@article{Burbach1999, author="Roger Burbach and William I. Robinson", title="The Fin de Siecle Debate: Globalization as Epochal Shift", year="1999", journal="Science & Society", volume="63-1", number="Spring", pages="10-39", annote="

Question(s) addressed by the author and working arguments

Makes the case of globalization as an epochal shift. Globalization is the fourth epochal shift in the history of capitalism. The first: Mercantilism and primitive accumulation (1492-1489), The second: Industrial capitalism, rise of bourgeoisie, formation of the nation-state (1789-1900), The third: Corporate capitalism and financial industrial corporation, socialist alternative (1900-1970). The fourth: Information age, collapse of socialist alternative (1971- ?).

In the 70s started the transition form of the nation-state phase of world capitalism with its distinct institutional, organizational, political and regulatory structures to a new, still emerging, transnational phase. The currently epochal shift profoundly affects the roles of governments and the nation-state and the way in which class struggle is conducted and manifested.

The central feature of the ongoing epochal shift is the transnationalization of production and productive system and the transnationalization of capital bourgeoisie.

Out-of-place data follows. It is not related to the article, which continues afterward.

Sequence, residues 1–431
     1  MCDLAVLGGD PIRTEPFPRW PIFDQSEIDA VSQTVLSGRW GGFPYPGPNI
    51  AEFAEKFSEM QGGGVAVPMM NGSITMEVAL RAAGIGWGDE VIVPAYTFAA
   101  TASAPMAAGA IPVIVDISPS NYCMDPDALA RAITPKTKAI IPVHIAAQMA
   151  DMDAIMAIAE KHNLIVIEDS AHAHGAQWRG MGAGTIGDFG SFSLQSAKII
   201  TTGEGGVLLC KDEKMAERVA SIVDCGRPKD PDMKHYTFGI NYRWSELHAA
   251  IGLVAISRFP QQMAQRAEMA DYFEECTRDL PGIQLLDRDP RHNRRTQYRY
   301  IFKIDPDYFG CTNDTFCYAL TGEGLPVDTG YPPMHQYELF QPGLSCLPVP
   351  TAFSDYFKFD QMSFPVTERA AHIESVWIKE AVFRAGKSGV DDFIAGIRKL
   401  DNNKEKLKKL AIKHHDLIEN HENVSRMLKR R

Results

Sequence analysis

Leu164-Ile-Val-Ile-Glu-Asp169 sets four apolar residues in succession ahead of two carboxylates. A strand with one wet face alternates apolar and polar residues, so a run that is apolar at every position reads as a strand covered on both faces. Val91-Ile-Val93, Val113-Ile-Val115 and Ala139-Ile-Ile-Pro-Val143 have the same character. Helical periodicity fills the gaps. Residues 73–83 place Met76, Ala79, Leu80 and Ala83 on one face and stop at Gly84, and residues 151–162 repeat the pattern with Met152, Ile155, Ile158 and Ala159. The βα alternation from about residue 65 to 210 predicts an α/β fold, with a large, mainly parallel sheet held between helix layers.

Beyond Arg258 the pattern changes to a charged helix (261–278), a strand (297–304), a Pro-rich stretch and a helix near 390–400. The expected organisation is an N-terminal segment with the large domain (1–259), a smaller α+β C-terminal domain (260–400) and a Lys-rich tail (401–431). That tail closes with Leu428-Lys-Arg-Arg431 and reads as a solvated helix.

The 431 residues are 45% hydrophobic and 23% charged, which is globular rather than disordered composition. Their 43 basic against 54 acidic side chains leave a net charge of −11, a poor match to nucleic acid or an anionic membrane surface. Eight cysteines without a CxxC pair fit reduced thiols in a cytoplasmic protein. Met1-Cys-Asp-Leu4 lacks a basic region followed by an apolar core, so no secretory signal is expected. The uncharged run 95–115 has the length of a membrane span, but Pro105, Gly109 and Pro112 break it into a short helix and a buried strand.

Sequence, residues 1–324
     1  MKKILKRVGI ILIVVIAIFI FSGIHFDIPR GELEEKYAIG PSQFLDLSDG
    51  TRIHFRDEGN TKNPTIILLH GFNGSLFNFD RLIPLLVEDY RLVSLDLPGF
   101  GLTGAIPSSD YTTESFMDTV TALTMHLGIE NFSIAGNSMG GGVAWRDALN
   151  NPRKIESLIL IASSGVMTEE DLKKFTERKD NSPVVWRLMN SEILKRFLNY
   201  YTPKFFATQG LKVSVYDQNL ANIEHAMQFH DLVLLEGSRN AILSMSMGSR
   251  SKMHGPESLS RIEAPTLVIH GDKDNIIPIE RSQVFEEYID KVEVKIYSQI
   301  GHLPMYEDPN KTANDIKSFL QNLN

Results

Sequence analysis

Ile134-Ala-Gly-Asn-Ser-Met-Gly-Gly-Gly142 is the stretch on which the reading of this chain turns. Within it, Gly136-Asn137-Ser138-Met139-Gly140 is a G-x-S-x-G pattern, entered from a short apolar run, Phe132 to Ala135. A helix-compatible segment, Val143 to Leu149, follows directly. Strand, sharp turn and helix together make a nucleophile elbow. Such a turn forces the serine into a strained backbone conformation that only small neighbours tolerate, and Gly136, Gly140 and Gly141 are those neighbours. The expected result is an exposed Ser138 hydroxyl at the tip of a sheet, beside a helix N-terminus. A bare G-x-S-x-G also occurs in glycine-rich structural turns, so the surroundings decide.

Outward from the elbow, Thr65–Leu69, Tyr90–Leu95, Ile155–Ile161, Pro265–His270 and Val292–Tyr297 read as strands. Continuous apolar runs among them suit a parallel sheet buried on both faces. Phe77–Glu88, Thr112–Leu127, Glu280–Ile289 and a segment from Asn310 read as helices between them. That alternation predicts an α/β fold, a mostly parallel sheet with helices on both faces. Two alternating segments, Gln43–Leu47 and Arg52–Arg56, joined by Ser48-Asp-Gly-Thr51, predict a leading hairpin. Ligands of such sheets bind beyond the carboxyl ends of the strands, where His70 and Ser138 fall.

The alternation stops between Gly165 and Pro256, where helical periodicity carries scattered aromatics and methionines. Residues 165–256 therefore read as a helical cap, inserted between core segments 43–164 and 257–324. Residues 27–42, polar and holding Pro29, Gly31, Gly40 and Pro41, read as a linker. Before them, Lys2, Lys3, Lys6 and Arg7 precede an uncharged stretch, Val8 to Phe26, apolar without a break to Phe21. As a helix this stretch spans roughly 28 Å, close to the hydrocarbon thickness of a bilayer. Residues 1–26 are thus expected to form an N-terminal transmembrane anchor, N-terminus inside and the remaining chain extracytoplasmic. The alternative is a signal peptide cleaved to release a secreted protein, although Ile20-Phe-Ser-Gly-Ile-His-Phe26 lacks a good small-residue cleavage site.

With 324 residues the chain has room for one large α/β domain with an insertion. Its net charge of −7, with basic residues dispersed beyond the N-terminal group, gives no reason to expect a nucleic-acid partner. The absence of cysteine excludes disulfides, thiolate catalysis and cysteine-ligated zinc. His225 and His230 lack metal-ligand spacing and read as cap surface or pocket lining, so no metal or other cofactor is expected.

The nation-state has ceased to be the organizational principle of capitalism.

The integration of capital, goods and services market explains this process.

Since transnational capital is free to roam the world, tapping the cheapest labor markets, the most favorable factor costs, regulatory environments and political conditions, its structural power over labor worldwide has been greatly enhanced. The old trade off between classes is no longer functional because today capitalist are not restricted to operate in their state’s market.

Transnational capital and transnational bourgeoisie utilize national state apparatuses to create the conditions for global capital accumulation. The transnational bourgeoisie exercises its class power through two channels: Supranational Institutions and national governments. Supranational institutions constitute an emergent transnational state that hasn’t yet acquired a centralized institutional form.

Conceptual references to transnational – transnationalism

transnational bourgeoisie

Conclusions or Final Remarks

Since we are living a new phase of capitalism, new forms of organizing the popular classes to challenge capital effectively are needed. A transnational platform is necessary to pursue this goal.

", keyword0="Globalization", keyword1="Nation-State", type="journal" }